The immense Mycenaean fortress of Gla, which cannot be identified with a town known from written sources, was situated on an island in the Copaic Lake in Boeotia. Today, the lake has been drained and the old city has become more accessible. Still, it rises almost forty meters about the surrounding fields.
The ("cyclopic") walls, made of blocks of natural stone, are 2¾ km long, which makes Gla a very big city. It was larger than, for example, Mycene or Tiryns. The pottery can be dated to the Late Helladic IIIB period, which is more or less identical to the thirteenth century BCE.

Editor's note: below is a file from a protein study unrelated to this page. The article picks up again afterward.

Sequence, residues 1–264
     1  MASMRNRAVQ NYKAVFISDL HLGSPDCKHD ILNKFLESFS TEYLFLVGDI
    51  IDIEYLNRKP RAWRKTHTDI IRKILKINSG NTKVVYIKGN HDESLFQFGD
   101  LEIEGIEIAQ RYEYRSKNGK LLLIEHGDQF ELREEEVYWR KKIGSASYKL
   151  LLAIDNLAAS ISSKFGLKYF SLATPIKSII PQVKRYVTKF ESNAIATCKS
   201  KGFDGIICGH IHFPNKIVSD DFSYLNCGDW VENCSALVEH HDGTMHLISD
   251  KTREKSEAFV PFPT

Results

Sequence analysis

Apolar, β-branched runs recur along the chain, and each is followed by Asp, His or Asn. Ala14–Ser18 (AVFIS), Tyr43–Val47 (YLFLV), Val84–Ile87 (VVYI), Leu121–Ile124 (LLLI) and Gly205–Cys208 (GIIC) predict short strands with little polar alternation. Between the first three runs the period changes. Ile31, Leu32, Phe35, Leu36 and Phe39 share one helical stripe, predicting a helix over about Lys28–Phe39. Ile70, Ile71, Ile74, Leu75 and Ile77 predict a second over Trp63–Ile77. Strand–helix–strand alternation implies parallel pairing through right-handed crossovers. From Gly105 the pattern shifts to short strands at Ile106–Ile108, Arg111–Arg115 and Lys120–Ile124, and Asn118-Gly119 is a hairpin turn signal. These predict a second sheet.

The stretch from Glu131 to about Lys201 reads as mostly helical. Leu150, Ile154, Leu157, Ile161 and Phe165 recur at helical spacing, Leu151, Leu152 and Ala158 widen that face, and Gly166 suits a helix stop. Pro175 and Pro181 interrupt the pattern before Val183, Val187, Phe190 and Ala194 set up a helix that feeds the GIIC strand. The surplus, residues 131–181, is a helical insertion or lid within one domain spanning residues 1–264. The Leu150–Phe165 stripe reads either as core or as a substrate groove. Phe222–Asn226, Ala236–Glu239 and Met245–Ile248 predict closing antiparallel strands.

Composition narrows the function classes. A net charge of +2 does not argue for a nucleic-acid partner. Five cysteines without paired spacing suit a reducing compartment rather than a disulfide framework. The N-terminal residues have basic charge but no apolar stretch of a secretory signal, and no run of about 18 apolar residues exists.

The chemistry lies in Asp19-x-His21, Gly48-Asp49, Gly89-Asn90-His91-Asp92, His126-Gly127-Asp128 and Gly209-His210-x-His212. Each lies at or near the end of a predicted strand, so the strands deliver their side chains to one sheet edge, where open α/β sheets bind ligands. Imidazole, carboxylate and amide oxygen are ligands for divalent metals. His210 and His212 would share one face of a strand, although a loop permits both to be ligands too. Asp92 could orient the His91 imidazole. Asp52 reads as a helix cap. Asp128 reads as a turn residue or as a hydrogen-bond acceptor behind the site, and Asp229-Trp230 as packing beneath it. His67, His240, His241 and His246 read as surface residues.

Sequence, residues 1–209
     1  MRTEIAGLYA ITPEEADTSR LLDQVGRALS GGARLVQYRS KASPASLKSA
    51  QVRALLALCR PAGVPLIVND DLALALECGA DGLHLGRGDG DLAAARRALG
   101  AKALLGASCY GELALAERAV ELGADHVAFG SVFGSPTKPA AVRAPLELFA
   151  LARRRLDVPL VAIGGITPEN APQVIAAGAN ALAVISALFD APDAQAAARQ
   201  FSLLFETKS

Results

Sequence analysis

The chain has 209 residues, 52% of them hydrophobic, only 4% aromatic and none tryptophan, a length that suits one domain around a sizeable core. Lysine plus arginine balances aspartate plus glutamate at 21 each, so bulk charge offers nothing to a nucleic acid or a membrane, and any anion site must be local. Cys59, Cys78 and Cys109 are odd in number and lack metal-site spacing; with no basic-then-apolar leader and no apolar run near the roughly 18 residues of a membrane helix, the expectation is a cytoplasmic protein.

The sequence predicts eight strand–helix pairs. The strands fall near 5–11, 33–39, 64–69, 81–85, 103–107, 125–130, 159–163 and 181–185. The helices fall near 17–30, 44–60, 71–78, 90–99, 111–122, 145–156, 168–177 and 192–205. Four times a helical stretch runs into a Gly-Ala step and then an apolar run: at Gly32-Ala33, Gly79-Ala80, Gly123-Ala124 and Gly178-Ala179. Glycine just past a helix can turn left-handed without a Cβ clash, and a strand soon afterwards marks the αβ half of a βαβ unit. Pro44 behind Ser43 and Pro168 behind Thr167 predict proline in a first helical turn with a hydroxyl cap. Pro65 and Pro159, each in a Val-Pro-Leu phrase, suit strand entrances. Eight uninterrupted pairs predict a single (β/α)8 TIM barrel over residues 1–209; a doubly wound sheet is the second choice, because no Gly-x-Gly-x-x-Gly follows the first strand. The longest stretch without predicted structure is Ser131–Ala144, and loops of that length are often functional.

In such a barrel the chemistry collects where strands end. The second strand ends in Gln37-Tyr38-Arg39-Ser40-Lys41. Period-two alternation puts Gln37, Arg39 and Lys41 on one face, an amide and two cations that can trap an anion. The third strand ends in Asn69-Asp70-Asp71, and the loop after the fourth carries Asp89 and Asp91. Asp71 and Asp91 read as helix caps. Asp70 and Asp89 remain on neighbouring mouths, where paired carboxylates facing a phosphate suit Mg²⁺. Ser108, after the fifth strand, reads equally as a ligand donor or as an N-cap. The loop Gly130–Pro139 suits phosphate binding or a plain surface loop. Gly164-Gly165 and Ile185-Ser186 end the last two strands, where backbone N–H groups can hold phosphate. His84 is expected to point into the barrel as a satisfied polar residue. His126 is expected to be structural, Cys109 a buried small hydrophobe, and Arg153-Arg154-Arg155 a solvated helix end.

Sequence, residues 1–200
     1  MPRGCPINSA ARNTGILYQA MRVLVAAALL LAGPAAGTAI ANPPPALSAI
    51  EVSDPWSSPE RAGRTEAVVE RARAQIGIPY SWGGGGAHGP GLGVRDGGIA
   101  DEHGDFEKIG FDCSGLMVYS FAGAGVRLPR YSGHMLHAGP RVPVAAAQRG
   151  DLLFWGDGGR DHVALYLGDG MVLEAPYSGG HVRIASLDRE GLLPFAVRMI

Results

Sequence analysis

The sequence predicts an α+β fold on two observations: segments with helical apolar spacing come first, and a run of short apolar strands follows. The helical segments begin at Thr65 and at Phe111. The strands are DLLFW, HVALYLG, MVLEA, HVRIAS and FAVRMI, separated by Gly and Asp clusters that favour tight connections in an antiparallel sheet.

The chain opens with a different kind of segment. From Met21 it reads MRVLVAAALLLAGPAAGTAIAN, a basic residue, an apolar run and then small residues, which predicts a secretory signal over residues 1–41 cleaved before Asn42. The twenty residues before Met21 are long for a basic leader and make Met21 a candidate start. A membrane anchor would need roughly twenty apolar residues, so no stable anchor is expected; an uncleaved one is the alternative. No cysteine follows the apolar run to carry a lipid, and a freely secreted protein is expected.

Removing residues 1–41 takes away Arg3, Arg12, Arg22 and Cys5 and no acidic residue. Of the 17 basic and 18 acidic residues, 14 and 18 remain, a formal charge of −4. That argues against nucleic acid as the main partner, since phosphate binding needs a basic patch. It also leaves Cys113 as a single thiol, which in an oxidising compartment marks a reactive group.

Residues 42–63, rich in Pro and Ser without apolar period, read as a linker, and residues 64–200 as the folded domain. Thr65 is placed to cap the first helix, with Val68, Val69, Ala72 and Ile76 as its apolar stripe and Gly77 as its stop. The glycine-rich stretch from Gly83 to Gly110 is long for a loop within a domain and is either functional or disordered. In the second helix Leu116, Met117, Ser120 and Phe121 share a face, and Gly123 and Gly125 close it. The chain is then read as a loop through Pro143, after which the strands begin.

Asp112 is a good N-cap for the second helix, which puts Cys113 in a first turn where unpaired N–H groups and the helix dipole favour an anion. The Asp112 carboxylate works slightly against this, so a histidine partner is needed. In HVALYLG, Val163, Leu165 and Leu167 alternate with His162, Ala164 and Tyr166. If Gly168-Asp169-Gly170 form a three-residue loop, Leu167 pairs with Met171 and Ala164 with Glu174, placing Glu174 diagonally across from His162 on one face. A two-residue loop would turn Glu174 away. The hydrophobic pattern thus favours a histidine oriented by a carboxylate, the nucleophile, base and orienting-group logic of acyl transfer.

Inside the fortress, the remains of a large building (a palace?) and a market place with long work- and store-rooms have been identified.
The pottery suggests that the site was again in use in the Byzantine age.